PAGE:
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The thyroid is a gland at the base of your neck, just below your ‘Adam’s apple’, near your windpipe. It makes thyroid hormones, which are chemical messengers produced by your glands and carried in the blood. Thyroid hormones control the body’s metabolism (use of energy), which is important to keep the brain, heart, muscles and other organs working normally.
You have been referred because you may have a small lump in your thyroid gland. These lumps are common and usually nothing to worry about. About 95% are benign (not cancerous). Thyroid cancer is rare. Most thyroid cancers are treatable and curable. You have been referred for further tests.
You will usually have a blood test to check your thyroid hormone and thyroid antibody levels. In most patients with a thyroid lump, the thyroid gland is working normally, and the blood test results are normal. Some thyroid lumps make higher levels of thyroid hormones than normal, which would need treatment.
You may have an ultrasound scan to look at the structure of your thyroid and the lump in more detail. The scan may also look at the lymph glands in your neck. Ultrasound can also be used to guide a fine-needle aspiration biopsy, described below.
You may have a thyroid uptake scan. This is similar to having an X-ray, but a tiny amount of a radioactive chemical is injected into a vein before the pictures are taken. This shows how your thyroid and the lump are working. A special camera will take pictures of your neck from different angles. This is not an enclosed scan. The chemical leaves your body quickly. Usually this sort of scan would not be recommended if you are pregnant or breast-feeding.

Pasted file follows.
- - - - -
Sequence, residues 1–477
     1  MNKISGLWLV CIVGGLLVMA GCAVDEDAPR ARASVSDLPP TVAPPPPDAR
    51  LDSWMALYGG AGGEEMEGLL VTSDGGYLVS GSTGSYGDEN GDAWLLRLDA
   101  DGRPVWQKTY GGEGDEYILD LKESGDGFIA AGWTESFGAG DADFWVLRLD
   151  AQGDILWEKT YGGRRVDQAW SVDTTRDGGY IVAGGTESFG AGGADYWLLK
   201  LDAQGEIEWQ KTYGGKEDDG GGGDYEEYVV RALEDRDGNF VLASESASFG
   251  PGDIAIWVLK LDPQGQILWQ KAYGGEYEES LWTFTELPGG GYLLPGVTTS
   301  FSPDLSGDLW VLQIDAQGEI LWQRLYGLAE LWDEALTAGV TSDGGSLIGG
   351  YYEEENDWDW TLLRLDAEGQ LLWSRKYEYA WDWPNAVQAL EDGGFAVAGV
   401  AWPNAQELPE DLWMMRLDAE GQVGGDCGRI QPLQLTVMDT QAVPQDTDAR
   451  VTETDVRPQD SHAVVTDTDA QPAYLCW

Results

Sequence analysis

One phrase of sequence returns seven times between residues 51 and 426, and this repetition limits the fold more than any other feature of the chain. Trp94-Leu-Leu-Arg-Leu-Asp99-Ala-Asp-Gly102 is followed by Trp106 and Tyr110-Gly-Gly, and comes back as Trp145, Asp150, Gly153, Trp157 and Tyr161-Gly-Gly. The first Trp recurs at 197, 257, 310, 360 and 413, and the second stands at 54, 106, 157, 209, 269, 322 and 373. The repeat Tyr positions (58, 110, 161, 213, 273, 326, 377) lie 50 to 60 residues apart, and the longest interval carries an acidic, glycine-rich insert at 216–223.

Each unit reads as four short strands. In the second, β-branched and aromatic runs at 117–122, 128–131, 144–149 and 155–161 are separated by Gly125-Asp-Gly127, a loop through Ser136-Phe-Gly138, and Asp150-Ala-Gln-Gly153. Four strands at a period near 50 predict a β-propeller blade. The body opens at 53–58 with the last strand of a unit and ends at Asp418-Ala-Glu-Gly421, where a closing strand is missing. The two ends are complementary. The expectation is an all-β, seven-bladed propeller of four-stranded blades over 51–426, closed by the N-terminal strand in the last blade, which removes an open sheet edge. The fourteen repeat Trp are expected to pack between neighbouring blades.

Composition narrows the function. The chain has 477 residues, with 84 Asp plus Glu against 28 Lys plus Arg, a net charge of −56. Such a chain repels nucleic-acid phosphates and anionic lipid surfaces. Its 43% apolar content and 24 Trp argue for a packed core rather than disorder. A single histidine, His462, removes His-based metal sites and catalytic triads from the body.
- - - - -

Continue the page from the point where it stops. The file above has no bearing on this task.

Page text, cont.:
Fine-needle aspiration biopsy
This is similar to a blood test, but taken directly from the lump, using an ultrasound scan to guide the needle. A very fine needle is inserted into the lump, and a sample of cells is taken out. The cells are examined under a microscope.
After the biopsy you may experience a little discomfort, especially when you swallow, but this should improve quickly, and settle completely over 1-2 days. You can use paracetamol if needed. You may also have a little bruising around the area where the needle was inserted: this should settle within about a week. If the lump was mainly due to fluid (a cyst) the fluid may slowly collect again over a few weeks: this is nothing to worry about.
It usually takes a couple of weeks to receive the results for the scans and the biopsy. You will either be informed of the result by letter or telephone, or at a clinic appointment. If you have not heard anything after 3 weeks, you should contact the department (contact details are listed at the end of this information leaflet).
In most cases, the lump is benign (not cancer). Sometimes the results are unclear, and the doctor may recommend repeating the fine-needle aspiration biopsy. If the tests show no evidence of thyroid cancer, this is very reassuring, and your risk of developing thyroid cancer in the future is no different to anybody else.
In approximately one out of twenty cases (5%), the biopsy suggests that the lump might be thyroid cancer. In about another one in twenty (5%) of cases, the result may be suspicious for cancer, but a definite diagnosis cannot be made. The doctor will discuss this with you in detail, and in most cases you will need an operation to remove part or all of your thyroid gland. Most thyroid cancers are treatable and curable. Contact details for the British Thyroid Foundation, which provides further information about thyroid cancer, can be found at the end of this page.
If you develop new symptoms, you should let your GP know. In relation to thyroid swellings, some symptoms should not be ignored, especially if they are persistent or progressive.
Your risk of thyroid cancer is increased if you have had radiotherapy treatment to your neck earlier in your life, or if other family members have certain types of thyroid cancer.
This information is intended for patients receiving care in Brighton & Hove or Haywards Heath.
The information in this leaflet is for guidance purposes only and is in no way intended to replace professional clinical advice by a qualified practitioner.
Publication Date: July 2021
Review Date: April 2024